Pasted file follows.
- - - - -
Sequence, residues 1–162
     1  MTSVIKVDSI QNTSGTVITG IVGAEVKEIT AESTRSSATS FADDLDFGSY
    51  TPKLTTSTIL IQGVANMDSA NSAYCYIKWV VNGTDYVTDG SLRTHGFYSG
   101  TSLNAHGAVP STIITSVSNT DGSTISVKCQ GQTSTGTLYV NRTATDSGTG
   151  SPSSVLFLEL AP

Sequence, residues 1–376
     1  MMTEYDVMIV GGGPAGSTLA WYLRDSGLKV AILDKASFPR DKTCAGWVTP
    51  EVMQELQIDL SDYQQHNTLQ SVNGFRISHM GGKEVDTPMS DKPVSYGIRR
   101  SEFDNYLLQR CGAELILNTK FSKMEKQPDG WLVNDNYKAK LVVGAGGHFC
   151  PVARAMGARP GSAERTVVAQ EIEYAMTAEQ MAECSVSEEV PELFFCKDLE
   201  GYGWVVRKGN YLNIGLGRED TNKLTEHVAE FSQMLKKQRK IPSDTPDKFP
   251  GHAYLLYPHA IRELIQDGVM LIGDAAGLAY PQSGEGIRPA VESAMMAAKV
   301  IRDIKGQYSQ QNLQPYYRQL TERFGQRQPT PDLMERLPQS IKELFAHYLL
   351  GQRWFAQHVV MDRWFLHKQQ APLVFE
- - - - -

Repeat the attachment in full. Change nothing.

Sequence, residues 1–162
     1  MTSVIKVDSI QNTSGTVITG IVGAEVKEIT AESTRSSATS FADDLDFGSY
    51  TPKLTTSTIL IQGVANMDSA NSAYCYIKWV VNGTDYVTDG SLRTHGFYSG
   101  TSLNAHGAVP STIITSVSNT DGSTISVKCQ GQTSTGTLYV NRTATDSGTG
   151  SPSSVLFLEL AP

Sequence, residues 1–376
     1  MMTEYDVMIV GGGPAGSTLA WYLRDSGLKV AILDKASFPR DKTCAGWVTP
    51  EVMQELQIDL SDYQQHNTLQ SVNGFRISHM GGKEVDTPMS DKPVSYGIRR
   101  SEFDNYLLQR CGAELILNTK FSKMEKQPDG WLVNDNYKAK LVVGAGGHFC
   151  PVARAMGARP GSAERTVVAQ EIEYAMTAEQ MAECSVSEEV PELFFCKDLE
   201  GYGWVVRKGN YLNIGLGRED TNKLTEHVAE FSQMLKKQRK IPSDTPDKFP
   251  GHAYLLYPHA IRELIQDGVM LIGDAAGLAY PQSGEGIRPA VESAMMAAKV
   301  IRDIKGQYSQ QNLQPYYRQL TERFGQRQPT PDLMERLPQS IKELFAHYLL
   351  GQRWFAQHVV MDRWFLHKQQ APLVFE